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HRW: Syria armed groups committing war crimes

[JURIST] Syrian armed groups may be committing war crimes, Human Rights Watch (HRW) [advocacy website] said [text] Monday, stating that the practice of caging captured soldiers and civilians constitutes hostage-taking and an outrage against their personal dignity. A video that surfaced Sunday shows cages holding multiple people being transported by trucks. According to HRW, the armed groups' intent is to place the cages in strategic areas "to deter indiscriminate government" and Russian air-force attacks. Nadim Houry, HRW's deputy Middle East director, stated:

Nothing can justify caging people and intentionally putting them in harm's way, even if the purpose is to stop indiscriminate government attacks. Ending Syria's downward spiral requires international backers of armed groups as well as the government to make protecting civilians a top priority.
These actions come after after government attacks on a marketplace in Douma on October 30, which reportedly resulted in more than 70 deaths and 550 injuries, according to Doctors Without Borders.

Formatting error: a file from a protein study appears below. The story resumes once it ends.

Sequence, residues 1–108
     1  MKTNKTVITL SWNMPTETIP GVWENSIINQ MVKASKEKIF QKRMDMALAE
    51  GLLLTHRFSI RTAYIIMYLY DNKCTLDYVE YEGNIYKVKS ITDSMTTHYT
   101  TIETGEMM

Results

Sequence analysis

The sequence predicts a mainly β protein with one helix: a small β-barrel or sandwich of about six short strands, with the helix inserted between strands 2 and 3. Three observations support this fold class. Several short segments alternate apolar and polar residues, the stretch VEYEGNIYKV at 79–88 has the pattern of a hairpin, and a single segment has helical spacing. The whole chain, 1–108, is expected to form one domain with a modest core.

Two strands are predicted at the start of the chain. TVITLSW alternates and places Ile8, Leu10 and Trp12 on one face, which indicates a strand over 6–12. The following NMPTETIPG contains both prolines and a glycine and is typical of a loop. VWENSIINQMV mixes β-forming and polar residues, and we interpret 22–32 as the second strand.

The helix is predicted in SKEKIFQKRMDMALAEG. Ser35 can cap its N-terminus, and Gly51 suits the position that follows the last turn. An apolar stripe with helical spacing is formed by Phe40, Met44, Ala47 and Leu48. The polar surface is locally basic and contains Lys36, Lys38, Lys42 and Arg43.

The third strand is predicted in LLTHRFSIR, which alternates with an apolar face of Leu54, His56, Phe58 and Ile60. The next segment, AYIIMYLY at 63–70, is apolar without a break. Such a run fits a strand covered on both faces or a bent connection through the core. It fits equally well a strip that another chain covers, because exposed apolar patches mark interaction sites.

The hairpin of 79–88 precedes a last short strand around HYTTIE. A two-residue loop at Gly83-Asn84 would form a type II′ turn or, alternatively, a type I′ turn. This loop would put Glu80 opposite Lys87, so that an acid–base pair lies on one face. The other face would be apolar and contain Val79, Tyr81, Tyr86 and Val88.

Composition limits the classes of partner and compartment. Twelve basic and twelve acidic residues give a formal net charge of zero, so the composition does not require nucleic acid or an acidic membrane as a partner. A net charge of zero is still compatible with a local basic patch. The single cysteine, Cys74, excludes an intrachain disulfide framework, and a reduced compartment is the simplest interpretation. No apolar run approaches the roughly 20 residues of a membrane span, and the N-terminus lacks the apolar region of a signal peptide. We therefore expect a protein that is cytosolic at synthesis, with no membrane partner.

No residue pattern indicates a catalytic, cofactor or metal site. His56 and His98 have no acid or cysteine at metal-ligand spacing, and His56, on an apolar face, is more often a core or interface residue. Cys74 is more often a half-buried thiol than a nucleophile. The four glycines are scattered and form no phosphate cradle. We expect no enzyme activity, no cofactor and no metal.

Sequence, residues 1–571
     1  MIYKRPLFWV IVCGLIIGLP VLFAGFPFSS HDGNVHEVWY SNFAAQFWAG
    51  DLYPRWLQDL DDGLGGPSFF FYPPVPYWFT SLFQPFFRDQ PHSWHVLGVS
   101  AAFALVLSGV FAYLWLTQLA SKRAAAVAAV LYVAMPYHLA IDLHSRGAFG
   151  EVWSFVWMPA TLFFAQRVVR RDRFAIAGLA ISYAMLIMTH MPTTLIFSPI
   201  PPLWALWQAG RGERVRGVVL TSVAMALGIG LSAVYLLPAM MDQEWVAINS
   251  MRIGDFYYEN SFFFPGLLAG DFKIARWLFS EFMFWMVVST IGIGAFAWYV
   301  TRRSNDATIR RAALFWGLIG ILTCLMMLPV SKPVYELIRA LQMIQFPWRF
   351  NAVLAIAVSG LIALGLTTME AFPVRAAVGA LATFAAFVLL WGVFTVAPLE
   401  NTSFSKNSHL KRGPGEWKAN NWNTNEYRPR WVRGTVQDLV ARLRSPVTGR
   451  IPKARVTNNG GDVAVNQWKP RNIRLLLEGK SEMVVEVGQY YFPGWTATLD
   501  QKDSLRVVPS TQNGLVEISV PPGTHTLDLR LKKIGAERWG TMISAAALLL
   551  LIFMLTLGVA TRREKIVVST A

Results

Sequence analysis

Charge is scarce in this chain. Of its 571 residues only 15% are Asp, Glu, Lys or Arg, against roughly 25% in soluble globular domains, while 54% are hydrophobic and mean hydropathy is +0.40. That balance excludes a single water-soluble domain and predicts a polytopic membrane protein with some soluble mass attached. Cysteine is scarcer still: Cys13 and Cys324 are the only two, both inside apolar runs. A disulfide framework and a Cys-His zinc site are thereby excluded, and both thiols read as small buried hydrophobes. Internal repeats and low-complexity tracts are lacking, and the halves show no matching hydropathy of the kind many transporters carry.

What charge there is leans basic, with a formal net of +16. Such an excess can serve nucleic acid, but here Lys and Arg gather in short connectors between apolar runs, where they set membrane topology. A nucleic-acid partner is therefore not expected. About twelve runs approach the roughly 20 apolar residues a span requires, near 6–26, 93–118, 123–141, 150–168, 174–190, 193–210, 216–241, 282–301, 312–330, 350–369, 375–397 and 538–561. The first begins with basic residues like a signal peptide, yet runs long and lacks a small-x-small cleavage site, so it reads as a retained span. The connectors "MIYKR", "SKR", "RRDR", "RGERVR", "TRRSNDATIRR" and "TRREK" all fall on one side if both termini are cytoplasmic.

The Syrian Civil War [JURIST backgrounder] has been ongoing since 2011 when opposition groups first began protesting the regime of Bashar al-Assad, and the increasingly bloody nature of the conflict has put pressure on the international community to intervene. In October France opened a torture investigation [JURIST report] into the actions of the Syrian government under Assad in Syrian detention facilities. Additionally, Amnesty International (AI) [advocacy website] released a report [text, PDF] in October detailing the possibility of war crimes [JURIST report] in Syria. The AI report criticized the Syrian government by stating that "they have maintained unlawful sieges, restricted humanitarian assistance deliveries, deliberately attacked civilians, and carried out indiscriminate and disproportionate attacks, arbitrary detentions, abductions and enforced disappearances."

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